Slowing the Economy

Railroads were America’s first large-scale heavy industry. As happened with most industries, the government started by being helpful in the formation of railroads before quickly becoming antagonistic, and finally settling into a routine of intrusive regulations, occasional subsidies, and periodic political grandstanding.

Marc Scribner of Reason described the latter when he said of the Railway Safety Act of 2023 (S. 576): “Unfortunately, the Senate’s bill is nothing more than a hastily assembled package of irrelevant policy proposals that will do little to advance safety, let alone effectively respond to the East Palestine accident.”

One of these hastily assembled irrelevant policy proposals is a curious restriction that would limit trains that are carrying as few as one car of supposedly ‘hazardous’ materials to a maximum speed of 50 miles-per-hour.

This section of the bill has many problems. First, the train which derailed in East Palestine, OH was traveling under 50mph and was in the process of stopping as the derailment took place. Next, the preliminary report of the National Transportation Safety Board shows a safe and methodical approach to train handling—which the safety record of railroads large and small shows takes place thousands of times every day. Finally, nothing in the record shows that ‘high’ train speeds played any role in either the derailment itself or the conditions which caused it.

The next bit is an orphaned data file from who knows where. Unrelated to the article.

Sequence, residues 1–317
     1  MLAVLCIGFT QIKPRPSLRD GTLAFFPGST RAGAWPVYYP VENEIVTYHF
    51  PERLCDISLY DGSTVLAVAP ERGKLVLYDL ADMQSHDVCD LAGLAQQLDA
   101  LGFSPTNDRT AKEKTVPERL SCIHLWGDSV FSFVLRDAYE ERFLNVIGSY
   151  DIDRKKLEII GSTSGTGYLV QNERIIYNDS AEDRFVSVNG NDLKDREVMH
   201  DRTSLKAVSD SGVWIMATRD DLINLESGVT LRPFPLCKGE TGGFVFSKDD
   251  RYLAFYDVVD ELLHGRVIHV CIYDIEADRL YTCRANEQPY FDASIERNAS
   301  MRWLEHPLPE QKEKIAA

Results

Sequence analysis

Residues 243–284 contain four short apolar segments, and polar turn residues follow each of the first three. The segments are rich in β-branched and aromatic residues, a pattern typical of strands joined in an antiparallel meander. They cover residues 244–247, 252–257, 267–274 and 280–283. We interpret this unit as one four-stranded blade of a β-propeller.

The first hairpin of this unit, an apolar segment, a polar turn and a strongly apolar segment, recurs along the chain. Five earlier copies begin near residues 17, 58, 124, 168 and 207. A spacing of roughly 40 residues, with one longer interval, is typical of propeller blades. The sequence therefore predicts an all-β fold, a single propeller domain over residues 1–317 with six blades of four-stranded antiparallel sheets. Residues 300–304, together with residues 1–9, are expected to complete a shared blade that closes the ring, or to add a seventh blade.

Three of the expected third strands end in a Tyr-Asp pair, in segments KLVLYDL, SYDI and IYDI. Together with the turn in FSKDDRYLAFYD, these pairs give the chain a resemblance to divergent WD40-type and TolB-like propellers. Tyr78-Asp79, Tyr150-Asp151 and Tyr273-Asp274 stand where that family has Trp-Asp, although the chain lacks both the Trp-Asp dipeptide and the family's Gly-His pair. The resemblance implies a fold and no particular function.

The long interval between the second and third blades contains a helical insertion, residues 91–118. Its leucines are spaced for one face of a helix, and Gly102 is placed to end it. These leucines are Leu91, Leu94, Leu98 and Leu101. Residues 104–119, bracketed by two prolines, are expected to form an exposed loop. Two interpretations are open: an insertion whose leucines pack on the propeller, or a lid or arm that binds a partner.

Yet, the bill’s sponsors remain silent on why the provision was inserted into the bill in the first place. They also remain silent on the ultimate result, which will be the dramatic loss of rail capacity. Simply put, if most freight trains are forced to move slower than the 55mph highway speed limit of the 1980s, then railroads will be able to operate fewer trains, meaning that every shipment will take longer and cost more.

That should scare every American because the billions invested since the 1980s have made it cheaper to move important goods such as the food we eat and the lumber we build our houses and furniture with. Without any evidence or justification, the sponsors of S. 576 will make everything in our daily lives more expensive with the stroke of a pen.

Most Americans want to get back to a time where we could expect the economy to thrive, so we must not let ill-conceived legislation stand in our way.

Related Content